I remember once, hitchhiking my way home from town, a guy from Las Vegas picked me up. He was driving a Jaguar. I had never had a ride in a Jag before. I gaped at the gleaming wood paneling on the dash. The man chatted amiably. I don’t remember much of our conversation. I wondered fleetingly if he was with the mob, being from Vegas and all. Which means I must have seen The Godfather. Or maybe I had just read Mario Puzo. The man turned his Jag south on Highway 63, then, and I got out, and hitched my way on west to West Grove.

I was a little more cautious on the other side of the equation, over the years. More careful about picking people up along the road of life. During my years of wandering, I traveled the length and width of this land. And back in my Drifter truck days, I picked up a wanderer or two. In Montana, I picked up a hitchhiking woman in the rain. She was on her way to Great Falls, which is where I was heading anyway. She wasn’t all that communicative. We chatted a bit and she asked if I had any pot. Only she didn’t pronounce the word, pot. She said, Pawt. I allowed that I didn’t have any on me right then, and she asked to be let dropped off at the next gas station we passed. And so I left her in the rain, there.

On the way back east from the wheat harvest, I planned to stop in Omaha to see my good friend, Mark Hersch. A good many miles out, I came up on a young couple, thumbing their way right along the interstate. I looked them over as I passed, then made a snap decision. Pulled over, turning on my four-ways. I felt bad for the woman, out there along the road with her man. I had a big old suitcase up front with me. So I told the man as he stood outside the passenger’s door. She can ride up front. You sit in the back, in the bed. He agreed readily. I figured if they were planning on robbing me, he’d be the one to do it, and he certainly couldn’t do it from the back. The woman, a girl, really, sat up front with me. We chatted right along as we approached the city. I asked her for directions, and dropped them off right at their home, a little house in the suburbs. They both thanked me profusely.

And I picked up a few more total strangers along the road, here and there, throughout the years. In South Carolina, while attending Bob Jones, more than one road bum got a ride from me. Invariably, the bums hit you up for a few bucks. And I usually had a five or so to spare. Even as a student. And no, I never worry what any person will do with the money I give him. My duty ends the second the money changes hands. If he goes and spends every cent on demon rum, that’s his decision. At that point, it’s his money. Not mine. And what he does with his money is his business.

Like I said way back there at the beginning, you don’t see many people hitchhiking around these parts. You just don’t. And I figured that was my little experience, that other morning, that evoked a few old memories buried there in the back of my head. That’s what I thought. Until last Friday evening. I had stopped in at Vinola’s for Happy Hour. A few drinks, and some good cheap bar food. And a good time with my buddies. Around seven or so, I was heading out. Left onto Rt. 23, and over toward New Holland.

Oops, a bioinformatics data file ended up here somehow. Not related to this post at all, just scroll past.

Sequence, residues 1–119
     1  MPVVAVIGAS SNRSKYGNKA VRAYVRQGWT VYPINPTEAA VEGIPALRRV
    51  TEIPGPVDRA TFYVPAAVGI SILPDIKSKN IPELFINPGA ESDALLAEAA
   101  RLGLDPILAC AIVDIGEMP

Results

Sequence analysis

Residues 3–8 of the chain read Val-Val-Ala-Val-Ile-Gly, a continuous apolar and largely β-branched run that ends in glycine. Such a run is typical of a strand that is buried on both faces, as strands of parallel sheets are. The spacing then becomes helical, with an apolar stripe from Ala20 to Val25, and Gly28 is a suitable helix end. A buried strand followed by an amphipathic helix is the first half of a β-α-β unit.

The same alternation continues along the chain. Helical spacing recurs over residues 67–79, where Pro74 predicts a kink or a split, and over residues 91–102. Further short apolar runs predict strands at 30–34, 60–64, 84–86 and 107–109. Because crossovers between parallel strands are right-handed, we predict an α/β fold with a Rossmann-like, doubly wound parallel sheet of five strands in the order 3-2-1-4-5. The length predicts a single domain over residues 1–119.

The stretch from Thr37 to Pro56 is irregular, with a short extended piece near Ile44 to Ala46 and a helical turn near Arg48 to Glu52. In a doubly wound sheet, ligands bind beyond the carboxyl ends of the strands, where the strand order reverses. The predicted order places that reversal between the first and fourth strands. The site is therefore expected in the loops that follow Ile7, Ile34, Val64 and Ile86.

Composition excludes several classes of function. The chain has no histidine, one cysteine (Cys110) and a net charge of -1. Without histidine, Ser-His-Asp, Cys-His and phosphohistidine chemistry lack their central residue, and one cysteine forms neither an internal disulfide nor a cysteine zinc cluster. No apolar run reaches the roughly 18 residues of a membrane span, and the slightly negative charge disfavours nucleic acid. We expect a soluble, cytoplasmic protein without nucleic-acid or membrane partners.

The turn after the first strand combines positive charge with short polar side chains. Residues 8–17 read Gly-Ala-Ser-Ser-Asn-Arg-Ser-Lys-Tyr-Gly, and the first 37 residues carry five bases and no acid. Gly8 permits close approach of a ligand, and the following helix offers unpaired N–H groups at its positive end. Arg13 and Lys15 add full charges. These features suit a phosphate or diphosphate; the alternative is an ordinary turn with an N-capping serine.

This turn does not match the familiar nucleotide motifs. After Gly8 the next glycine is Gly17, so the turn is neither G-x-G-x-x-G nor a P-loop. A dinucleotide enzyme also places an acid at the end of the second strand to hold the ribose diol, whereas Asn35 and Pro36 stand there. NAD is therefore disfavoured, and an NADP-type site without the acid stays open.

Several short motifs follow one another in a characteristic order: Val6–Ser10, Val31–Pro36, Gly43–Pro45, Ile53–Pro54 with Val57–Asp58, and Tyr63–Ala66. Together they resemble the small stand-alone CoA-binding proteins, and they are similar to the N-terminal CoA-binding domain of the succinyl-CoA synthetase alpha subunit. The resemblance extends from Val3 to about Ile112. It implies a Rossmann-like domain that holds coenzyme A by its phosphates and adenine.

A quarter mile or so down the road, a man stood, leaning into the traffic. It wasn’t quite dusk yet, and I didn’t recognize him. But I thought, what the heck? I’m into picking up hitchhikers these days. So I swerved off into the next parking lot, a bit down the road. The man came puffing up. Wiry, in his sixties, with a thin little white mustache. Hey, you look familiar, I said. Didn’t I just pick you up the other morning, going the other way? He nodded as he got in. “Yes,” he said. “You did.”

And this time, I had a bunch of questions, as we pulled out into the traffic. What was he doing in Lancaster City? Working, he said. He had just got a job doing remodeling work with a friend. And his first paycheck wouldn’t come in until next week. What was his name? He told me, and from somewhere back there, the man has Amish blood. He never was Amish. His grandpa had left, decades ago. And we just talked. His fiancé had passed away unexpectedly a little over a year ago. “I went into depression,” he said, looking at me kind of sideways, to see my reaction. And I looked right back at him, and smiled. I know all about dark places, I told him. Believe me, I’ve been there, and not that long ago, either.

And we just talked. I’ll drop you off at Sheetz, I told him. And he told me a little bit how hard life had been lately. “But God is good,” he said. Yes, I said. Yes. God is always good. Don’t matter what you’re going through. Even in the dark places, He’s there. You can’t feel that, walking through. But you can always see it, looking back. “Yes,” he said.

We were getting close to Sheetz, where I would drop him off, just down the road from my house. And this time he wasn’t all that shy about it. Could I spare a few bucks, to help hold him over until his first paycheck came next week? And this time I wasn’t talking to a smooth-tongued panhandler. He was just a guy, down on his luck, walking down a tough road. Out there, whacking around, trying to do the best he could with what little he had. Trying to make it, hitchhiking his way to work and back.

Yeah, I said. What are you looking for?

It wasn’t much. “A five would get me some food and milk,” he said.

I dug into my wallet, there at the Sheetz parking lot. I got a five here with your name on it, I said, handing it to him.

We shook hands. “God bless you,” he said. “Thank you.”

You are welcome, I said. God bless you too, my brother. And then I left him.
And it’s that time of year again. Beach Week. Tomorrow morning early we head out. As always, I am beyond ready for it. It just seems a little strange that the year has slipped by so fast, and now it’s time. I remember last year, how desperately I needed that week to refresh my weary heart. This year, I won’t say my heart is particularly weary. I’m just tired, overall. Bone tired. And I will turn again to the incessant and eternal roll and roar of the sea to calm my soul, and rest.